May 2, 2017
The Thai government should immediately disclose the whereabouts of Prawet Prapanukul, a prominent human rights lawyer and critic of the monarchy, who has been missing since security forces raided his Bangkok home on April 29, 2017, Human Rights Watch said today. Authorities have not acknowledged his arrest and detention, raising grave concerns that he is the victim of an enforced disappearance.
“The Thai junta should urgently disclose Prawet’s whereabouts and release him if he hasn’t been charged with a credible offense,” said Brad Adams, Asia director. “Secretly detaining rights lawyers, critics of the monarchy, and other dissidents has created a climate of fear in Thailand that is generating international outrage.”
Officers of the ruling National Council for Peace and Order (NCPO) junta, together with soldiers from the 1st Infantry Division and police from Bangkok’s Bang Khen Police Station, carried out a morning raid on Prawet’s house. An official receipt shows that Prawet’s computers, hard drives, flash drives, mobile telephones, CDs containing political programs, and various political T-shirts were confiscated. However, there is no official notification that Prawet was arrested or is in state custody.
The United Nations Human Rights Office for South-East Asia (OHCHR) urges the Thai Government to halt the practice of arbitrary detention of political activists, and to immediately release six people recently charged with criticising authorities.
On 29 April 2017, two political activists – Mr. Danai Tibsuya, a former military officer from Chiang Mai, and Mr. , a Bangkok-based lawyer – were arrested and detained by the military under the lese-majeste law for criticising the King on Facebook. The two men were taken to an unknown location.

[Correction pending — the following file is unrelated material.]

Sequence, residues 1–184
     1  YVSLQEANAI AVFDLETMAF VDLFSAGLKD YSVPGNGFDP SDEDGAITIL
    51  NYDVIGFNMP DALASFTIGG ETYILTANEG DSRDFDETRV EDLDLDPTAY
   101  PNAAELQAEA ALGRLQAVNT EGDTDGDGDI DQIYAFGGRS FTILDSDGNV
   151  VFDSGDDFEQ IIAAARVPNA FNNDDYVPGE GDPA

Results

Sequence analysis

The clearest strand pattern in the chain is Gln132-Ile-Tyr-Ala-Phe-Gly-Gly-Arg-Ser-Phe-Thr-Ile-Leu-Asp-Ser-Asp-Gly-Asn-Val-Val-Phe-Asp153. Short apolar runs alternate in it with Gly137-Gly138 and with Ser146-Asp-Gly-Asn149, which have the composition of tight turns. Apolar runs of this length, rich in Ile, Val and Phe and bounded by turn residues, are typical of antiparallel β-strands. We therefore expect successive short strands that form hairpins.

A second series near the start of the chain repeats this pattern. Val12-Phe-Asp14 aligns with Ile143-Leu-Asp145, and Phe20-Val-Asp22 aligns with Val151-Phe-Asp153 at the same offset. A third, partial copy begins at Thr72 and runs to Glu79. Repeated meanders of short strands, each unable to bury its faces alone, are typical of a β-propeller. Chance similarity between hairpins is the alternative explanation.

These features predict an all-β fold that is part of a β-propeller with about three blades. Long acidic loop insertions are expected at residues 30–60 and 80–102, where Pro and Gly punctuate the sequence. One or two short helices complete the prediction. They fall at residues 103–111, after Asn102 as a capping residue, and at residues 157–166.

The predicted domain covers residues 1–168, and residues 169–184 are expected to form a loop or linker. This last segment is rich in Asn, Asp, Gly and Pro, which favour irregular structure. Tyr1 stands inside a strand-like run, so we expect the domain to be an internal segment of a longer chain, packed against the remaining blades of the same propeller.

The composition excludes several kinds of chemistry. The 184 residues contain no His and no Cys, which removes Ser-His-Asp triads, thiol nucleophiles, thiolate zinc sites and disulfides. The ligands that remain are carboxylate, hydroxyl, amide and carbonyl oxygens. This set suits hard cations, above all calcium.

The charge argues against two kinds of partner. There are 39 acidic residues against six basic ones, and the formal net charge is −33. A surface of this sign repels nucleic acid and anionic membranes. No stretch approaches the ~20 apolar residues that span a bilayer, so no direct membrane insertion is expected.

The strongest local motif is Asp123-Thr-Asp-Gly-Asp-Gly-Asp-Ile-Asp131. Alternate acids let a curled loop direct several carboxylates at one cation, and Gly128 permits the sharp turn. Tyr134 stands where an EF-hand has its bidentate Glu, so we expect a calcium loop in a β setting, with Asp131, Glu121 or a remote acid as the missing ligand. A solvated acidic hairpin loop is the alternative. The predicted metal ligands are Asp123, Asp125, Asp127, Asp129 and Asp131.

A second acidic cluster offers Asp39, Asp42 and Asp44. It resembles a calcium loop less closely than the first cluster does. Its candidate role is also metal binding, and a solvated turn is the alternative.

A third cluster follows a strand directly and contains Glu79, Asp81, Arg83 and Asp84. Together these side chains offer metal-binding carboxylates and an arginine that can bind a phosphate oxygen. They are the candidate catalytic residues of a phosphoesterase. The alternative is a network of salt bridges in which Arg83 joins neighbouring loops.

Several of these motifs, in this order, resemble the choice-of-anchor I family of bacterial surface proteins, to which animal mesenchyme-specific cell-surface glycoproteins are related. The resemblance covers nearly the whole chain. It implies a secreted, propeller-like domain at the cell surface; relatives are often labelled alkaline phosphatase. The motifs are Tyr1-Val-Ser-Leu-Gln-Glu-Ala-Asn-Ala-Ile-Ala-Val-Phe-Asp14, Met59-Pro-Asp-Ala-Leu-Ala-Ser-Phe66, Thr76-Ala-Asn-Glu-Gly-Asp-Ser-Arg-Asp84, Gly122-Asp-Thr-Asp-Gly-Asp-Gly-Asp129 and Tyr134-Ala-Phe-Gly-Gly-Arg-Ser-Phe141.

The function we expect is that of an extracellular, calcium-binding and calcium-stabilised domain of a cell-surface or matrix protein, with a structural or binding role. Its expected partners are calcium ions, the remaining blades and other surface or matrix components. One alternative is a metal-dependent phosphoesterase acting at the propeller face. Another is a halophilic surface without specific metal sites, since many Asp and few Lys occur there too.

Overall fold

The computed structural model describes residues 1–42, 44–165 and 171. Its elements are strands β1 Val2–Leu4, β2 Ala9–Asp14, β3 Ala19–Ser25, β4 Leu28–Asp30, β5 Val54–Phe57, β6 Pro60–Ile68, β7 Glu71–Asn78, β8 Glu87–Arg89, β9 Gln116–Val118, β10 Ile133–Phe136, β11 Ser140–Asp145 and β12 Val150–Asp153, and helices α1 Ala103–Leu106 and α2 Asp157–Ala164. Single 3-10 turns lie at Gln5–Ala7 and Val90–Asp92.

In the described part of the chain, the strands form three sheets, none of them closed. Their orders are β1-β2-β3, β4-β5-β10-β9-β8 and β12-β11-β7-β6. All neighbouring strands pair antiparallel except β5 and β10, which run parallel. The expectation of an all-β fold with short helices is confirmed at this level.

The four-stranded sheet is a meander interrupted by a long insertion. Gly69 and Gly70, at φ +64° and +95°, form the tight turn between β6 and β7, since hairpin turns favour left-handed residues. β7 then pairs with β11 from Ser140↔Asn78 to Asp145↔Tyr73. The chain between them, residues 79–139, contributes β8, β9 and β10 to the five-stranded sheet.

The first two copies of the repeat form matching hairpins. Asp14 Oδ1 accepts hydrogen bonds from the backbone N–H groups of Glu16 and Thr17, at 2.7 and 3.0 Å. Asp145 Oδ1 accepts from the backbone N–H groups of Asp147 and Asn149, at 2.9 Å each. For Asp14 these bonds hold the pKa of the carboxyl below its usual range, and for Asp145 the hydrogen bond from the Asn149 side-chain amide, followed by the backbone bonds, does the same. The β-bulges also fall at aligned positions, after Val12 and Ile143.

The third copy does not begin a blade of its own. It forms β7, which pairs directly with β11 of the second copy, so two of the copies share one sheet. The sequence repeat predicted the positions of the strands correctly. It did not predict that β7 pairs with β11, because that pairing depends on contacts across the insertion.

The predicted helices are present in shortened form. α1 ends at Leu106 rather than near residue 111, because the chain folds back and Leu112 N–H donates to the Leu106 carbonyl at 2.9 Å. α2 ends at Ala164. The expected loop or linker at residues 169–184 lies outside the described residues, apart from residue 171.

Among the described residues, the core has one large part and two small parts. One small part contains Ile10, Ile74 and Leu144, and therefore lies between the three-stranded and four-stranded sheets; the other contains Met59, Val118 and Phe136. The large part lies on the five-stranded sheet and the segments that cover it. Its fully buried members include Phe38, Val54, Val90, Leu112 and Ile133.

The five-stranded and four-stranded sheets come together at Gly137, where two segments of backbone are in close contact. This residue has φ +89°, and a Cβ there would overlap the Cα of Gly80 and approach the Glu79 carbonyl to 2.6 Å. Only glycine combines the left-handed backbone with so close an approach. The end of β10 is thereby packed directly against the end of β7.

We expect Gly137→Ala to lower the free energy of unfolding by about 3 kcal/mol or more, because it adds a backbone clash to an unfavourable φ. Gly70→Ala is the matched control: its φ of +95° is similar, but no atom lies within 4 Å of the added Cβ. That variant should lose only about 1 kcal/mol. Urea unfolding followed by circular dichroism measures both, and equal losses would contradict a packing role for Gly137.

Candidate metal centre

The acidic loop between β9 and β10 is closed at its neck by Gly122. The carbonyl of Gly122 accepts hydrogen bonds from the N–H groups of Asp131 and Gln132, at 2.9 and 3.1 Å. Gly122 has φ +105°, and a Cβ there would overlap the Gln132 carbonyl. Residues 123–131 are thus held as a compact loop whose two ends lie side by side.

On 4 May 2017, the two activists and four other individuals were paraded at a media conference held at the Royal Thai Police’s Technology Crime Suppression Division. The six individuals were charged under the lese-majeste law. Two also face a charge under the Computer Crime Act. Mr. Prawet was also charged under the sedition law reportedly for criticising the Prime Minister. The accused are currently being held at the Bangkok Remand Prison. None of the activists have been given access to legal representatives and their families.
“I am very concerned at the sharp increase in the use of the lese-majeste law after the 2014 coup, with more than 70 people detained or convicted.” said Laurent Meillan, the acting Regional Representative. He added that the UN human rights mechanisms repeatedly stated that the implementation of the law ran contrary to fundamental rights of freedom of expression and opinion.
The UN Human Rights Office is also concerned about the use of incommunicado detention. In March 2017, Thailand was reviewed by the UN Human Rights Committee which raised concerns that individuals had been arrested and detained at undisclosed places without access to lawyers. It recommended that Thailand immediately bring its legislation and practices into compliance with the International Covenant on Civil and Political Rights.
(UN Human Rights – Asia Facebook)